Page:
Understanding "Energy Poverty"


hat is "Energy Poverty"?

Energy poverty can be defined as a lack of access to energy services. This means that a family's well-being may be affected by a number of factors intrincically linked to economic poverty, including low consumption of energy, pollution due to energy use (direct and indirect), or time spent in collecting various energy sources. These factors make a family "energy poor"

Consider these factors:

  • 18 percent of the global population lack access to electricity, despite modest improvements, and 38 percent lack clean cooking facilities.
  • One in five people still lacks access to modern electricity
  • Nearly three billion people rely on wood, coal, charcoal or animal waste for cooking and heating
  • Energy is the dominant contributor to climate change, accounting for around 60 per cent of total global greenhouse gas emissions
  • Reducing the carbon intensity of energy is a key objective in long-term climate goals.
Source: SE4ALL and IEA

Energy Investments Nearly USD 1 trillion in cumulative investment would bring universal access by 2030. That equates to USD 49 billion a year or about five times what was being invested in 2009.

(But compare that to $187 million of military spending being spent EACH DAY in 2015 for the conflict response in Iraq alone)

Sustainable Development Goals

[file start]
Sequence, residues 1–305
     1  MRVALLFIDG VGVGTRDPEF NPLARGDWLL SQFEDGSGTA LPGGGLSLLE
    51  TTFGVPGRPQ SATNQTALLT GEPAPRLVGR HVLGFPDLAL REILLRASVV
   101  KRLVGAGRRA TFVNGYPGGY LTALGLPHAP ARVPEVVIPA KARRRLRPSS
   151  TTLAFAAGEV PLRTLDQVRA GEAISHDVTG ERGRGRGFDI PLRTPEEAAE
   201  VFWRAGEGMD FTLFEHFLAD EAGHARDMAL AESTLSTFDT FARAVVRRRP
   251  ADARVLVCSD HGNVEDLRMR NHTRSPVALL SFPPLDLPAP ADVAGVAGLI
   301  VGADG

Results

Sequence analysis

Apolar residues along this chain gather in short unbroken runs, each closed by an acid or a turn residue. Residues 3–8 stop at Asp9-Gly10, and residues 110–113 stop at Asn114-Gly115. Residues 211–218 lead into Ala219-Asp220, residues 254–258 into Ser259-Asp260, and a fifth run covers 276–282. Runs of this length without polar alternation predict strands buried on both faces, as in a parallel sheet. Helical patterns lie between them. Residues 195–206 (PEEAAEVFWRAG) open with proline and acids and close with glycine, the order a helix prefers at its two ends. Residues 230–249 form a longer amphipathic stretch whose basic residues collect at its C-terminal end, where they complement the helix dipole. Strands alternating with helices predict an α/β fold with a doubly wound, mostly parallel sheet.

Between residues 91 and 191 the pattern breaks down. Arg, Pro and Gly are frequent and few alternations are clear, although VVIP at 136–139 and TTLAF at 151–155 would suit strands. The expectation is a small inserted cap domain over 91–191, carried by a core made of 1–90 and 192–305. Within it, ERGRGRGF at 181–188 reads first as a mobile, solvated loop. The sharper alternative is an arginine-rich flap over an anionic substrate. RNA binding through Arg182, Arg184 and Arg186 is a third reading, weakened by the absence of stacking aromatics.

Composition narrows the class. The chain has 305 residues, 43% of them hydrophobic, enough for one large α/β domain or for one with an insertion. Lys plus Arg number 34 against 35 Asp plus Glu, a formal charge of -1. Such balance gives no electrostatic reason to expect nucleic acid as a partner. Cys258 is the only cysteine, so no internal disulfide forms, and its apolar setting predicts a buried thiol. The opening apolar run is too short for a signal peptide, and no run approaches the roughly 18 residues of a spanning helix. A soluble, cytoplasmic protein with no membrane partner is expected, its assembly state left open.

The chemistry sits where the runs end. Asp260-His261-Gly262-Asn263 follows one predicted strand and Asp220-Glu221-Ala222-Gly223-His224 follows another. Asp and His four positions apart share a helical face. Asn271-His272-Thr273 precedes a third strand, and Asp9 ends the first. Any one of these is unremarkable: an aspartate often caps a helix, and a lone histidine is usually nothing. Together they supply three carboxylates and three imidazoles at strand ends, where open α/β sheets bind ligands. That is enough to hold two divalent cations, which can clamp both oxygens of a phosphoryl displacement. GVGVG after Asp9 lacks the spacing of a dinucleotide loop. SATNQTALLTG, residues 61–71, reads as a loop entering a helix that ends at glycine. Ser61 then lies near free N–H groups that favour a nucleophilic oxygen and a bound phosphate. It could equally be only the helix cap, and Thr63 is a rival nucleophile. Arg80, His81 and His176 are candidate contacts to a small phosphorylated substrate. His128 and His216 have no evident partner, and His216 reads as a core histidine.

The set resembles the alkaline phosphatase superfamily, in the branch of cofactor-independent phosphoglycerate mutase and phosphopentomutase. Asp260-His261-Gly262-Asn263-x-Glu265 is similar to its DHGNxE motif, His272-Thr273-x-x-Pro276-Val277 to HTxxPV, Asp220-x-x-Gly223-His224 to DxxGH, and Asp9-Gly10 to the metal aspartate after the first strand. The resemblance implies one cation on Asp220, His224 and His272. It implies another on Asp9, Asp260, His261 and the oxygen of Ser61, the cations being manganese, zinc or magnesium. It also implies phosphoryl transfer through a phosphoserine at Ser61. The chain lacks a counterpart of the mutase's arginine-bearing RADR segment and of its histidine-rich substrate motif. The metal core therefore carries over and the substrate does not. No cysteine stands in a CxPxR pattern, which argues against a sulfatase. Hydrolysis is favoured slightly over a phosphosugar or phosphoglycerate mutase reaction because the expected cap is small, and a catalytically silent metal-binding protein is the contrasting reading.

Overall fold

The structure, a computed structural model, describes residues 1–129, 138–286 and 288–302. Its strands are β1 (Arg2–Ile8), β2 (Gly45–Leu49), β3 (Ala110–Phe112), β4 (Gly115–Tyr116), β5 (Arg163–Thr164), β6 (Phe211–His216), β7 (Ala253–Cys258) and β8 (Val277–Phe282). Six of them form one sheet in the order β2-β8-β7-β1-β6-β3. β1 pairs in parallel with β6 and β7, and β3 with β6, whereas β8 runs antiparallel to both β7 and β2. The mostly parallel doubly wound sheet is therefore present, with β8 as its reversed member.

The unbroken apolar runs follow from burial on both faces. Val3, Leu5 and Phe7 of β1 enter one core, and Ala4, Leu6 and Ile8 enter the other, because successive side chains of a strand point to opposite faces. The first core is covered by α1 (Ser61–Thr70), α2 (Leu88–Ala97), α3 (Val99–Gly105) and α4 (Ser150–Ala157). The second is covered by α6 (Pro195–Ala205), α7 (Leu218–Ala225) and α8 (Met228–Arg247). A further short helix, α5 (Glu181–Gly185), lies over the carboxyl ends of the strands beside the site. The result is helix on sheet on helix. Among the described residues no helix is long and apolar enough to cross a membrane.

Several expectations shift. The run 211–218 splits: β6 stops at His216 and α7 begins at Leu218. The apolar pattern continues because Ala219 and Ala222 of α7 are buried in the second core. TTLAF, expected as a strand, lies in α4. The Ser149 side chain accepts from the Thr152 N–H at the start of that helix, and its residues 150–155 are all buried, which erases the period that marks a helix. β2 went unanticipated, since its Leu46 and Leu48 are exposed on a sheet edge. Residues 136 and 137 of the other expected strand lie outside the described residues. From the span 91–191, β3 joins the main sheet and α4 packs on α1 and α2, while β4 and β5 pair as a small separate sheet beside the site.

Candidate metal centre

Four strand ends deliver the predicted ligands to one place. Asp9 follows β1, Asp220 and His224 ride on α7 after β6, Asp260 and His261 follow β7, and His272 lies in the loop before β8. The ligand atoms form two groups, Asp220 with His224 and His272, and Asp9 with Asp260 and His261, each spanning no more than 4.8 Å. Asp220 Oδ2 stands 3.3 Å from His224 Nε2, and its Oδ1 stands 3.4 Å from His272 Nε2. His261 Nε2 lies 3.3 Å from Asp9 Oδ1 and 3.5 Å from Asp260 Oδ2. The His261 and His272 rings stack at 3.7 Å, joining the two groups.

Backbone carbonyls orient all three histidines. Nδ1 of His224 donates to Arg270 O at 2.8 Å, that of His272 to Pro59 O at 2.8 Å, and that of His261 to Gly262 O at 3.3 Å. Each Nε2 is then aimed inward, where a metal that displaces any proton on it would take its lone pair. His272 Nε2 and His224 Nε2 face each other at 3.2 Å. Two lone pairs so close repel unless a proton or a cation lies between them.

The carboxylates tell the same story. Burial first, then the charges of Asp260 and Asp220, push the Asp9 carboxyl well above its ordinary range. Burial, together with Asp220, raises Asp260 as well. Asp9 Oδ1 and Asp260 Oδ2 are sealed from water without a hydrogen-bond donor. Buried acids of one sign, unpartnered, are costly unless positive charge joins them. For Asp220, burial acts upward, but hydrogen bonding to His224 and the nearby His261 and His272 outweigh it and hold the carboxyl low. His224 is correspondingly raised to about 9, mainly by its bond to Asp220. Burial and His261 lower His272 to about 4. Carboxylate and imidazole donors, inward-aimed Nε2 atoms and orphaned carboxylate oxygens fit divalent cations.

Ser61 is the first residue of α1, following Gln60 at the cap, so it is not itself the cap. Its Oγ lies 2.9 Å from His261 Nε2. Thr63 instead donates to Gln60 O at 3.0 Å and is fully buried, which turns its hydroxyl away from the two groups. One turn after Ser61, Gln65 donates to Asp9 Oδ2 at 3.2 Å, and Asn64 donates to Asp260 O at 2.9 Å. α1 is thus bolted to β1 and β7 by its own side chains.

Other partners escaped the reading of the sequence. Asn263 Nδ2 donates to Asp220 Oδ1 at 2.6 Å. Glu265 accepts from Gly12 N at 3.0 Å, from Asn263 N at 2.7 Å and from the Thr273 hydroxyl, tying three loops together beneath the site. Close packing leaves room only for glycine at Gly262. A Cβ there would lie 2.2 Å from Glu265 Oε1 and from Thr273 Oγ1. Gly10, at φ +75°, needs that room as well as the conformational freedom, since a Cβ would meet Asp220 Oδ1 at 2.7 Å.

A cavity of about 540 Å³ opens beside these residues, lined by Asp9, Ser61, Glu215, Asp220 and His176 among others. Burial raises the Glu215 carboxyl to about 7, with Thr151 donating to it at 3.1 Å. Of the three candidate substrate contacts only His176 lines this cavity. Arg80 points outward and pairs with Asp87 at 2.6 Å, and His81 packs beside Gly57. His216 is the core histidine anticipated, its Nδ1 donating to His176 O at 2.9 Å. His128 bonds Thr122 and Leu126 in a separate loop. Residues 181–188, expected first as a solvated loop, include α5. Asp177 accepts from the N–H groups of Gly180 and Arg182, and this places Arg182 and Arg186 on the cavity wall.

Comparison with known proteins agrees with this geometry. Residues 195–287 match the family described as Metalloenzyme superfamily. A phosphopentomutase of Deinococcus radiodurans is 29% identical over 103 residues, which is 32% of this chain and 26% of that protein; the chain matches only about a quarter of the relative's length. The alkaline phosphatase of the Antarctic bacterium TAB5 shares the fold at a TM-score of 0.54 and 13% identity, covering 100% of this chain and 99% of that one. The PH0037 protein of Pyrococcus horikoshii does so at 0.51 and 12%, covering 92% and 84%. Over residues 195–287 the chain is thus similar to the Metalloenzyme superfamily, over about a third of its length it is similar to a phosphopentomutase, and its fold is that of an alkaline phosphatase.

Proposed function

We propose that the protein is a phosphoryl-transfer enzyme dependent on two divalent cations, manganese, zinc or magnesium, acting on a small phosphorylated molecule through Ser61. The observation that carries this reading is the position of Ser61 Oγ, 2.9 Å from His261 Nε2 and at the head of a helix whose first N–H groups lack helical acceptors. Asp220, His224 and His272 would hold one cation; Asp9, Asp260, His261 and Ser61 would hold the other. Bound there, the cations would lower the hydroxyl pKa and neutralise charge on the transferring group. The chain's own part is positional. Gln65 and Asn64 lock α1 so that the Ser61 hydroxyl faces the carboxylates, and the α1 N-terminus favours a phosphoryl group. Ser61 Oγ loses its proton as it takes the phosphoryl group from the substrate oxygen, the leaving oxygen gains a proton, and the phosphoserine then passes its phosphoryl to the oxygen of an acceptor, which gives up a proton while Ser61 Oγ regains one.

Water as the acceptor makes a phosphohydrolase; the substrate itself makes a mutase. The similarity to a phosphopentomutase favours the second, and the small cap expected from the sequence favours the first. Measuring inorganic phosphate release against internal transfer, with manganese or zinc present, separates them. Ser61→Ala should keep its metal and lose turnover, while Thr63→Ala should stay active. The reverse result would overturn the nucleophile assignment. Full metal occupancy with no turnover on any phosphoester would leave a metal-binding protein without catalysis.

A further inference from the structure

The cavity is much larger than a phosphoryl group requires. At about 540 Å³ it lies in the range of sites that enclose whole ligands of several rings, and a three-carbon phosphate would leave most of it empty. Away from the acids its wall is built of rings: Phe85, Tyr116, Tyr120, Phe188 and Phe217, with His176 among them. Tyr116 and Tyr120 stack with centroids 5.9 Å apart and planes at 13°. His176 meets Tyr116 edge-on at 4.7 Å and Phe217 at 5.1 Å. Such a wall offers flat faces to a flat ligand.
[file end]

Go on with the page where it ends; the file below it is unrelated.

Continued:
In response to this situation - of increase in energy poverty, the United Nations and its member states marked the start, in 2014, of the UN Decade of Sustainable Energy for All (SE4ALL).

SE4ALL is focused on achieving three objectives: (1) Universal Energy Access, (2) Renewable Energy and (3) Energy Efficiency. More informatio can be found on the SE4ALL website

The objectives of SE4ALL revolve around Sustainable Development Goals (SDGs) which were drawn up in September 2015, and are targetted for completion by 2030. Specifically, Goal #7, which focuses on the role of partnerships in ensuring access to affordable, reliable, sustainable, and modern energy for all.

The targets of SDG#7 look at energy access, energy efficiency and renewable energy, eventually helping in reducing energy poverty.

Reducing energy poverty is an important policy goal not only from the perspective of economic development or job creation, but also from those of social well-being and environmental management.

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Contact: Hari Srinivas - hsrinivas@gdrc.org